||A recent introduction (2002) from the University of Minnesota, formerly known as MN1166. Noted for its excellent winter hardiness and suitability to northern climates, it is usually harvested at mid-season. The white wine has a distinct apricot, citrus and pineapple aromas, and is also suitable for blending. Yields are moderate.
||A sister to Interlaken and Himrod - all three are daughters of the classic Thompson Seedless grape, but more suited to home growers. Lakemont ripens a couple of weeks after Himrod, and has larger, crunchy, non-slipskin fruit and a delicious, rich, sweet flavor. This is the last white table grape to ripen in most regions. Grows in USDA Zone 5-9. Ripens Sept/Oct. in the PNW.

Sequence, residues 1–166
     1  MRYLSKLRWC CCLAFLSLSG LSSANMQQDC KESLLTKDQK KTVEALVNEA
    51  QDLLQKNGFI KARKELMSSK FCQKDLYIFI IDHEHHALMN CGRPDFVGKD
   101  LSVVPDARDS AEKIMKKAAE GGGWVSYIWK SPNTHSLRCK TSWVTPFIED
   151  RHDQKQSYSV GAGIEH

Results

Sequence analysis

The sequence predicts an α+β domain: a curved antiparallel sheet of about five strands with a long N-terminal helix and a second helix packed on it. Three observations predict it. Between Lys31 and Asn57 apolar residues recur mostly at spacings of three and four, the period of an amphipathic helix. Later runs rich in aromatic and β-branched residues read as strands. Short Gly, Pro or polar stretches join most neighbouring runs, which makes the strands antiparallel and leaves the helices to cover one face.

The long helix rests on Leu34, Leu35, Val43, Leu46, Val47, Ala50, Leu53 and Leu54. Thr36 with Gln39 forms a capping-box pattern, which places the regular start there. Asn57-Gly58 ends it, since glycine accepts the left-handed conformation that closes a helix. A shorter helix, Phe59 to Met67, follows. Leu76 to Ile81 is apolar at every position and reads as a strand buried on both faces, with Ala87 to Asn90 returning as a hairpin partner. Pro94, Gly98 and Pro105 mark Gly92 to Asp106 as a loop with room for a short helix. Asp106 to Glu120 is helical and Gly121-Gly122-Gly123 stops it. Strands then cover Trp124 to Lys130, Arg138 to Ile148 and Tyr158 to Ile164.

||Also known as Spanish Black, El Paso and Black Spanish. A man named Lenoir who cultivated it near Stateburg, South Carolina, in the vicinity of the Santee River sometime in the 18th century.
||(Kuhlmann 194-2) An early ripening black grape produced from the same cross as Maréchal Foch. The wines are similar, with distinct berry aromas. Vines tend to be similar as well, although Léon Millot tends to be more vigorous and productive.
||Grown under several different names in the northern production areas of Europe (e.g. Lemberger, Blaufränkisch). There has not been wide commercial testing of the variety in New York, but results to date have been favorable. Cold hardiness appears acceptable and Botrytis resistance is good. The clusters are large and yield potential is high, which may dictate the need for crop control in some years. Wines have been highly rated; they have deep red color and rich tannins.